This past weekend, the world felt heartache after images of another chemical weapons attack in Syria went viral. This attack hit the suburb of Douma, and the suspected blame falls on President Bashar al-Assad’s government. Workers reported finding at least 42 people dead in their own homes, and videos surfaced online of women, men and children with white foam coming from their mouths.
The Syrian civil war, which has been unfolding and failing for more than seven years now, appears to be a geopolitical mess between the West and Russia, Iran and Assad. In recent events, the option of military pressure is being discussed, after a long while of exemption and failing to draw a line.
Syria can no longer be background noise. The amount of slaughter and outrage needs some form of retaliation. Ironically, this retaliation is required in the days following President Trump saying that he wanted to pull the US out of Syria.
Days after Trump’s initial statements about pulling out of the war in Syria, Trump was actually pulled in deeper in the conflict. Trump wrote on Twitter on April 8th, that there will be a “big price to pay,” following the news in Douma. Trump then went on to blame Iran and Russia and singled out Vladimir Putin for their support of the Syrian Government.
Sadly, this chemical attack isn’t unfamiliar to the war in Syria, and falls on the lap of the Western world as it would its adversaries. Trump took limited action against Syria after the chemical weapons attack last year. Trump also ordered the State Department to suspend more than $200 million in funds for recovery efforts so the administration could release its role in the conflict.
The most definitive and derailing problem with the war in Syria is this kind of ignoring. The Washington Post wrote that Trump even declined to respond to seven previous chemical attacks this year, and still went on to announce that he intends to pull out US forces.
You would think a President would know better than to talk this tough without a strategy. There has been discussion of possible military responses from both the US and the UK, with neither ruling out a missile strike. This initial idea of pulling out of Syria would completely worsen the conflict for America’s allies in Israel, Saudi Arabia and Syria. However, it would benefit Russia who uses Syria as a strategic leverage in the Middle East.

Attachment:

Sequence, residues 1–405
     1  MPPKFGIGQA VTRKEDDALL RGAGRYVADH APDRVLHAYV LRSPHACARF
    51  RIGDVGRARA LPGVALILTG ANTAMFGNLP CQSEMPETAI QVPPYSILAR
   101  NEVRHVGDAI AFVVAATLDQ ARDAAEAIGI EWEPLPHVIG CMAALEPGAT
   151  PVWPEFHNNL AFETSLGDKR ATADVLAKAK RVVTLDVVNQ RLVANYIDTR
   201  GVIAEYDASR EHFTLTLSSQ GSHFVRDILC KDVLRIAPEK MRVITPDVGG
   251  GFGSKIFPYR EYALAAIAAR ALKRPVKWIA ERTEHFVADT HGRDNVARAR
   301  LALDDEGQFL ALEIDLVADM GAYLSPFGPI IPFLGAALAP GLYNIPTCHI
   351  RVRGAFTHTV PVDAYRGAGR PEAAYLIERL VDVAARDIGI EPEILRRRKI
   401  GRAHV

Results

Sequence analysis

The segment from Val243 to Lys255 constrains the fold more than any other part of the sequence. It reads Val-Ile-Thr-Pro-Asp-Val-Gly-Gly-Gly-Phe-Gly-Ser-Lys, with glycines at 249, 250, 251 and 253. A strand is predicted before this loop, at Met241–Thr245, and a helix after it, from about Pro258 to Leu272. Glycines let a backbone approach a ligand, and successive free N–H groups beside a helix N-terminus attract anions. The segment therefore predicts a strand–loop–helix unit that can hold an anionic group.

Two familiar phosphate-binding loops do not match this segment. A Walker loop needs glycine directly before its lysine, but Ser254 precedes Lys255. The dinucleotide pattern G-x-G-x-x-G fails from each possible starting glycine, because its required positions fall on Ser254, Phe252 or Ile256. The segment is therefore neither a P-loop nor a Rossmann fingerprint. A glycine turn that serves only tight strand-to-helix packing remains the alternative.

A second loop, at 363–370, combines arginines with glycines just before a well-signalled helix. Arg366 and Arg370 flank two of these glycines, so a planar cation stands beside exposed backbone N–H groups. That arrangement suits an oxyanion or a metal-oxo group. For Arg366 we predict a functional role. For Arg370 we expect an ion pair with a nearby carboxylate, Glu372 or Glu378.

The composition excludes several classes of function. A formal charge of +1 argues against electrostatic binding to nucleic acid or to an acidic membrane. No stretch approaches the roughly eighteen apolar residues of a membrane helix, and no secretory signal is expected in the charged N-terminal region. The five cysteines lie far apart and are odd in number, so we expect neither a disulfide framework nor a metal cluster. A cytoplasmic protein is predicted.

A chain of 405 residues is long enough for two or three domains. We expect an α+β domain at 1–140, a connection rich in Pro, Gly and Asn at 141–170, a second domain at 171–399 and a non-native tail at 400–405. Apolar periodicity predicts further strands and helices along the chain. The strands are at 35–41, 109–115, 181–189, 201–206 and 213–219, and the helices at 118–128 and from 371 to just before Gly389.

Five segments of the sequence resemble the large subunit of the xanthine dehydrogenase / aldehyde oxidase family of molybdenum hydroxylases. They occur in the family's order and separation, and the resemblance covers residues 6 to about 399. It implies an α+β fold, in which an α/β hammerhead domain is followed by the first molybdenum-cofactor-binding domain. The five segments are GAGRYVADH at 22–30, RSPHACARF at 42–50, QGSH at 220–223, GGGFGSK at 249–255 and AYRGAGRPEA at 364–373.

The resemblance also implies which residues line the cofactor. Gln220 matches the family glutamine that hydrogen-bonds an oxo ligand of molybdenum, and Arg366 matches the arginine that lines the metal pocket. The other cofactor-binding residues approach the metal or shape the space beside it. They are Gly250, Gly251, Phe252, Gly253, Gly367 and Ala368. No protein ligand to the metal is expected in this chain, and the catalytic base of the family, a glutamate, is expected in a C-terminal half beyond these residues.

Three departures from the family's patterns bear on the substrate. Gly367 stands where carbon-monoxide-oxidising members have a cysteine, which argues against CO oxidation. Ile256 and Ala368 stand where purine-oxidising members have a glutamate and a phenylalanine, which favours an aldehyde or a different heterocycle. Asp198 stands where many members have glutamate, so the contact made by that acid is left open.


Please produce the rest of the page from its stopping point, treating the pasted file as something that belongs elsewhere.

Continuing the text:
Trump ordering some sort of military attack on Syria, while at the same time removing 2,000 troops out of Syria, is confusing. Trump frequently scapegoats to Obama, blaming his administration for doing nothing as far as enforcing against chemical weapons after an attack near Damascus in August 2013.
However, Obama’s administration did respond with military action after the attack, strategizing that Russia would get Syria to destroy the chemical weapons. The strategy deprived Assad of his arsenal, but sadly not all of it (despite Moscow’s promises). This was back when Trump himself warned Obama against any sort of military action in Syria.
However, once Trump was President, things changed as he sent cruise missiles to strike a Syrian airfield last year after the attack on Khan Sheikhoun.
The West and all its mixed messages have resulted in the current stage of the Syrian war. This lacking plan to keep pressure, fails to deter Assad from using chemical weapons, and the refusal to criticise Putin has allowed him and Iran to do whatever they desire in Syria.
Now Trump is forced to draw a line, tweeting, “President Putin, Russia and Iran are responsible for backing Animal Assad.” There is plenty of fear in what comes next. Whatever it may be, one thing is for sure: this war cannot be defined by Trump’s indecision. Wars usually require some sort of strategy and plan.